suggestions for a studio monitor amplifier.

Hey guys, I'm looking for a solid state amplifier schematic for a high quality studio monitoring setup. My requirements are low phase and inter modulation distortion,high damping factor and excellent frequency and phase response. I need about 50 watts rms. In a nutshell, I'm looking for a very neutral/accurate amplifier and by budget is flexible.

I have designed and built quite a few tube amps but when it comes to chips and PCB's im a total noobie. The monitors are going to be a three way d'appolito styled mid fields and I will be tri amping it with an active crossover. I would greatly appreciate suggestions for schematics as well as how to implement it with a PCB. Many thanks in advance.


Paid Member
2002-09-25 11:01 am
Most monitors use some form of chipamp - but that's on another board. Schematics for those are pretty easily available on the board itself, with a number of options and in some cases, it's easy to pick up PCBs from other members/kit sources such as Peter, Brian etc.

On the discrete front there are the AKSA kits from Hugh (but those are kits, no schematics available), the Studio series which uses older semis, the newer Symasym, the Rod Elliot PA03 series and variations - and a bunch of others. Read up about them and you can make a decision.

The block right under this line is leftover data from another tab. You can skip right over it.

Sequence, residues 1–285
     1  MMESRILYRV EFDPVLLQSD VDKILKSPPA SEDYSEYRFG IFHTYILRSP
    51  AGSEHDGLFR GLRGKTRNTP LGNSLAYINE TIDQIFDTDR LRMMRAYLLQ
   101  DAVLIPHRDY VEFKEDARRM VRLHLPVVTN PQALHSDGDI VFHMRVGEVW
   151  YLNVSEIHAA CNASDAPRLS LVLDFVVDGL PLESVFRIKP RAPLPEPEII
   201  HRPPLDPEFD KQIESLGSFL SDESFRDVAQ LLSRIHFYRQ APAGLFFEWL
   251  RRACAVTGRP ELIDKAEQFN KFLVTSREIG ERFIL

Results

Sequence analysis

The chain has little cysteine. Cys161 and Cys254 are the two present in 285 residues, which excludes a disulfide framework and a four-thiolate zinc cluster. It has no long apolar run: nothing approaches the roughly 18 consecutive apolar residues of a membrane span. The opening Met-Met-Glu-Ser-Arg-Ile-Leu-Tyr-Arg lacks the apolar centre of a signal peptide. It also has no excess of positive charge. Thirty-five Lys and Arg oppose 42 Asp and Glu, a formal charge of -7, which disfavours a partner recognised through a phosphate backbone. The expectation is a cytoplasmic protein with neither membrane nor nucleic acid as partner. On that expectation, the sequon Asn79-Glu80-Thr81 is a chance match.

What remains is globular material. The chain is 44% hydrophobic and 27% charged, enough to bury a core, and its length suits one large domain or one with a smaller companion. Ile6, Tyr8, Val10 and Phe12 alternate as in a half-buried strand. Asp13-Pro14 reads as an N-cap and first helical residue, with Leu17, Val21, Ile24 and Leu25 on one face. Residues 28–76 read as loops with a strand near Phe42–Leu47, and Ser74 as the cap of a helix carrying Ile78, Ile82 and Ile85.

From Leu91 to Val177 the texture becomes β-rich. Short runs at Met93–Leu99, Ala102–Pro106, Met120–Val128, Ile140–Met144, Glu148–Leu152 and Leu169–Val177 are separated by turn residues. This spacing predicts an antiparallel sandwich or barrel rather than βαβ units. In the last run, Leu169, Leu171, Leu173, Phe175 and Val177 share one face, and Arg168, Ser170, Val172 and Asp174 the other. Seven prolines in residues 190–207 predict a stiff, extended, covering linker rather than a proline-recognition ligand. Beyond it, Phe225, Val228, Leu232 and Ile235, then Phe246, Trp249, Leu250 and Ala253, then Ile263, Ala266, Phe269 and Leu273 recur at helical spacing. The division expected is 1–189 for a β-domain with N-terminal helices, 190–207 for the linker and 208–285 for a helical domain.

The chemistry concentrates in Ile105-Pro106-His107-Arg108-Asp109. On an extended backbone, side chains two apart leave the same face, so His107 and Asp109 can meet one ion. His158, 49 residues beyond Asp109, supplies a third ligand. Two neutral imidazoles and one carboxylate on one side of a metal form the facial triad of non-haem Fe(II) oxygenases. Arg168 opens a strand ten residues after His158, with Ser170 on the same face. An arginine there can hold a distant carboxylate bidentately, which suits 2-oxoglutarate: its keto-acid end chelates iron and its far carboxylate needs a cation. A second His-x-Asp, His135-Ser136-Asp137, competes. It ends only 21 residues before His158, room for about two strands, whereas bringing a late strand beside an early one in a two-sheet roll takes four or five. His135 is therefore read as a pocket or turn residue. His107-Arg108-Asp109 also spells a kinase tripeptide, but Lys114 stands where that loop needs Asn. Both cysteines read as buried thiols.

If you have the luxury of full biamping like a real set of active monitors, I would use multiple chipamps, maybe in bridge/parallel to increase power. I have a similar setup driving my Dynaudio BM6 passive monitors. I suspect in super-quiet environments you may need a better system, but I mix at home so it works for me.


Disabled Account
2006-11-02 6:15 pm


2007-04-19 5:50 pm
The Design
Let me start by pointing out, that LYNX project from the beginning in 2002 had only one goal!
To create a rock-solid and powerful sonic Power Amplifier like those used in studio's.........
So if you are fond of the deceased mighty and "muscular" power amps from Phase Linear, SAE, GAS, Dynaco
and similar ones, and if you like listening to live recorded LP's and CD's, you may be intrigued by this project
as the result is very close to those.

Components shown in the schematics are only suggestions. The circuit has shown good characteristics and
produced good and clear sound when build with very low cost components. So with this circuit you have the
possibility to either build a low cost dynamic Power Amplifier or a Studio Class Power Amplifier.

that's what i get in the homepage;)

this is the homepage
I don't think the consensus is suggesting that you need 250W to 300W for your 90db/W/m speakers.
I would aim for 100W to 150W for the levels I listen at and still ensure 20db headroom for the occasional transient peaks.
You may find that as little as 50W will satisfy 95% of your listening needs.
You have to decide if you need 3db more or 7db more.